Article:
A Child H1N1 Patient's Joyous Homecoming

Tony Estlinbaum
Tony Estlinbaum, 10, who had the H1N1virus and is now undergoing therapy at a rehab clinic.

Hugh Estlinbaum's about to get his son back. Tony, 10, is going home after a six-week drama - a life-and-death battle with H1N1.

Within a day of catching the flu, Tony was living on life-support in the intensive care unit of Children's Hospital in Oklahoma City. After three weeks, the fifth-grader finally opened his eyes, and gradually got well enough to leave the hospital for a rehab clinic.

Tony's still weak. But over 11 days of rehabilitation, his strength and endurance improved. Complete recovery could take a year.

"How long did you think you had slept for?" CBS News correspondent Mark Strassmann asked.

"I thought I had slept for a few days," Tony said. "My dad told me I slept for a few weeks."

"What did you think when he told you that?" Strassmann asked.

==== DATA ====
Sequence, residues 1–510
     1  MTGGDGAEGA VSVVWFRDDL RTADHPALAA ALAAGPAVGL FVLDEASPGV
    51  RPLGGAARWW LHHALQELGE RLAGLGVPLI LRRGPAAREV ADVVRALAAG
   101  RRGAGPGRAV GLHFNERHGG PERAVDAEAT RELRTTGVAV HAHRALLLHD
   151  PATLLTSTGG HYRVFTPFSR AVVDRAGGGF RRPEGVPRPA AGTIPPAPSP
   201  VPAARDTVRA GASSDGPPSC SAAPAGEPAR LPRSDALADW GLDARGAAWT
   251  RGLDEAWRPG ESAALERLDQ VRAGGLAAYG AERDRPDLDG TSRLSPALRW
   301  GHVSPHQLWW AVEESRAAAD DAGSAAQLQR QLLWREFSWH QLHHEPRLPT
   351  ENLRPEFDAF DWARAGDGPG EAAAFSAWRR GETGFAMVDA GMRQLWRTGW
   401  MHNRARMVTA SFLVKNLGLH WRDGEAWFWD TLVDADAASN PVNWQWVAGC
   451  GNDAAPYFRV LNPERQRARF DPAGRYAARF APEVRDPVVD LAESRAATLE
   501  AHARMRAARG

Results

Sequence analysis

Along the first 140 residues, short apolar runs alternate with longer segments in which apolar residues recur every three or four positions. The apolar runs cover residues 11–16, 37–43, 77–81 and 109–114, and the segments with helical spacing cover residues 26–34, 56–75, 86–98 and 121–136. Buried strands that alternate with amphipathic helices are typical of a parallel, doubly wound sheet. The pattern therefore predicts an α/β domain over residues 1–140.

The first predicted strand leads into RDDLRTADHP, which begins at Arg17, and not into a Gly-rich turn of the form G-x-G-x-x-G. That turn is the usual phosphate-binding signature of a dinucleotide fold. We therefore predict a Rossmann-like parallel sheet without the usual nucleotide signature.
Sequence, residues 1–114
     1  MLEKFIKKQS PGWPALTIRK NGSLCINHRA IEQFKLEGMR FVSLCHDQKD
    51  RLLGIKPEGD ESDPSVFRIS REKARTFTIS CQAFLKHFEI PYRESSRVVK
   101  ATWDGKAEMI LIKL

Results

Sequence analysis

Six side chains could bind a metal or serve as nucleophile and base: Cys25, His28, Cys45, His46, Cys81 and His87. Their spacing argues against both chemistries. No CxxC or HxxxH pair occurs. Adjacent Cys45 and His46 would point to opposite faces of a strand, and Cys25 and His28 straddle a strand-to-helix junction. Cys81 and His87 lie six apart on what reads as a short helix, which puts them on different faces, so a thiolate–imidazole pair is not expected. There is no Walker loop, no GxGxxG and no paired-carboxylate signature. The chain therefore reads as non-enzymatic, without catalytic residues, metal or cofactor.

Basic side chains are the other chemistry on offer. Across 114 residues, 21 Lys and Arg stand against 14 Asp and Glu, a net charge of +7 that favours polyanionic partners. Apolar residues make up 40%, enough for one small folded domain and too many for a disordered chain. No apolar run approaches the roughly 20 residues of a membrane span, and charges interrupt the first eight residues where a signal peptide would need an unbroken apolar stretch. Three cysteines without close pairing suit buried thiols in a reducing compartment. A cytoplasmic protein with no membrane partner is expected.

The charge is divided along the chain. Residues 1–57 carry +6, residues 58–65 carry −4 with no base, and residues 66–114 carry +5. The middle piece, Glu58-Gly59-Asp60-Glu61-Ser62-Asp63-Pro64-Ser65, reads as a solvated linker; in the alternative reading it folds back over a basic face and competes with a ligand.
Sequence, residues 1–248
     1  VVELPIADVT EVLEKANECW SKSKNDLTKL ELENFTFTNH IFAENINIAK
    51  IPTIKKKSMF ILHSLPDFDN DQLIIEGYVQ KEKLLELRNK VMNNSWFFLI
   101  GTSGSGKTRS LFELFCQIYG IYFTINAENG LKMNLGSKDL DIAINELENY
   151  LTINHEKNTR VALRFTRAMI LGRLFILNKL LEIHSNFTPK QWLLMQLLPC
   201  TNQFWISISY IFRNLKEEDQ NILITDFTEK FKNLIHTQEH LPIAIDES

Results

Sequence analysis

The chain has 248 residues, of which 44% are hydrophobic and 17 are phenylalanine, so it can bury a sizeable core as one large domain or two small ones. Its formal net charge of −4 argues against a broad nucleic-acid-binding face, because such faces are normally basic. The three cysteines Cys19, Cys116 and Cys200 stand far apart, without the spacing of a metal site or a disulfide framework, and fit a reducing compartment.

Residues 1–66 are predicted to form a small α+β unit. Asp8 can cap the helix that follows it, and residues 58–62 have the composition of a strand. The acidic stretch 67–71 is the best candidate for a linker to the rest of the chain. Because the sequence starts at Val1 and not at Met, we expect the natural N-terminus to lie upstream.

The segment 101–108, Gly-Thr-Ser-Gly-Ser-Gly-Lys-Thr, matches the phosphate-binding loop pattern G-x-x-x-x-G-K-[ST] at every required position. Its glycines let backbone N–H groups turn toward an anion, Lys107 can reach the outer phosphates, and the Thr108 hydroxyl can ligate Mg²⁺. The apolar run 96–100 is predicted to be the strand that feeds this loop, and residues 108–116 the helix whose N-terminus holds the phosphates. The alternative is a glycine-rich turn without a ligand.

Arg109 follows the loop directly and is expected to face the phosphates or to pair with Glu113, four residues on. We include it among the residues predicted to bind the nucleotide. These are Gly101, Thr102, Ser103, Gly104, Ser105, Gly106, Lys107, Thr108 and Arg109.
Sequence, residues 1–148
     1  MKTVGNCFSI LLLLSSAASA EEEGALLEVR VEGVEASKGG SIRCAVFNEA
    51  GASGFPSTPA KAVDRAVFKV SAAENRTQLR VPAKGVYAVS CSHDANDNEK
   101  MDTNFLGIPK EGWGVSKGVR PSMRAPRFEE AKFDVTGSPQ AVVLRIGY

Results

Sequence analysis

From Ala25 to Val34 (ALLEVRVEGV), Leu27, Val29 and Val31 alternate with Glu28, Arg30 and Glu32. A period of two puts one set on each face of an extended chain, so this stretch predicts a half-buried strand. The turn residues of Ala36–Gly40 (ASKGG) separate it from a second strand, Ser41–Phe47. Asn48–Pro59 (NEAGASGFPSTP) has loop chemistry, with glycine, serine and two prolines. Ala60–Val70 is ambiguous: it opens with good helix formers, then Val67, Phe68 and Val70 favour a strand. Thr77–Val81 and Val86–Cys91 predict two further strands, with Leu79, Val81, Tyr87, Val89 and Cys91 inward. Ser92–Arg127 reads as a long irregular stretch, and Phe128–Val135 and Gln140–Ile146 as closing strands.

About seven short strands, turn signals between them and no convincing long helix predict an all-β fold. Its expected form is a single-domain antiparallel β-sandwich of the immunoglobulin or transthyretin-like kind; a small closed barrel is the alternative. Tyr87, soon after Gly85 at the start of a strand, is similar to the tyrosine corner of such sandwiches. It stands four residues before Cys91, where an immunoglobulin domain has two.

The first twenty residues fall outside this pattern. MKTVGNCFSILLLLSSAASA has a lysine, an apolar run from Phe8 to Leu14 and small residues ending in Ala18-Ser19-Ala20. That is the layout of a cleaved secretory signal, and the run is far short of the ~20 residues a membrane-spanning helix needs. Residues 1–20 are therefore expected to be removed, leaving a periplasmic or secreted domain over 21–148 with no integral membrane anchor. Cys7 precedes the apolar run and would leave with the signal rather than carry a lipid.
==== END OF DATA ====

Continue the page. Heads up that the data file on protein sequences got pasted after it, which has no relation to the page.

"I thought he was kidding," Tony said.

There was a time when Tony doing so well was unimaginable.

"This wasn't even in our focus at all," Hugh Estlinbaum said. "Our focus was seeing him breathe by himself."

More coverage of Tony and others at Children's Hospital:

Two H1N1 Kids Now Show "Miracle" Progress
Two H1N1 Patients, Two Different Outcomes

Lateasha Howard was as sick as Tony and will soon leave the same ICU.

"Yes, it's a miracle," said Carolyn Howard, Lateasha's mother. "To see that my baby's doing better."

But two rooms away, Natesha Hart's bed is now empty. On Monday night, the eighth-grade honors student died of H1N1 complications.

But for the Estlinbaums, it's a homecoming to remember, and Tony's siblings Samantha, 8, and Zakary, 4.

"The whole situation didn't seem real," said Lizzy Estlinbaum, Tony's mom. "And now that he's home again, it doesn't seem real, either, but it will."

Six weeks ago, Hugh Estlinbabum saw his son lie in a drug-induced coma. Today - over his shoulder - Tony naps on the couch.

"It looks really good," he said. "It looks really good - it's my boy."

Their boy is back - their family complete.

  • Mark Strassmann
    Mark Strassmann

    Mark Strassmann has been a CBS News correspondent since January 2001 and is based in the Atlanta bureau.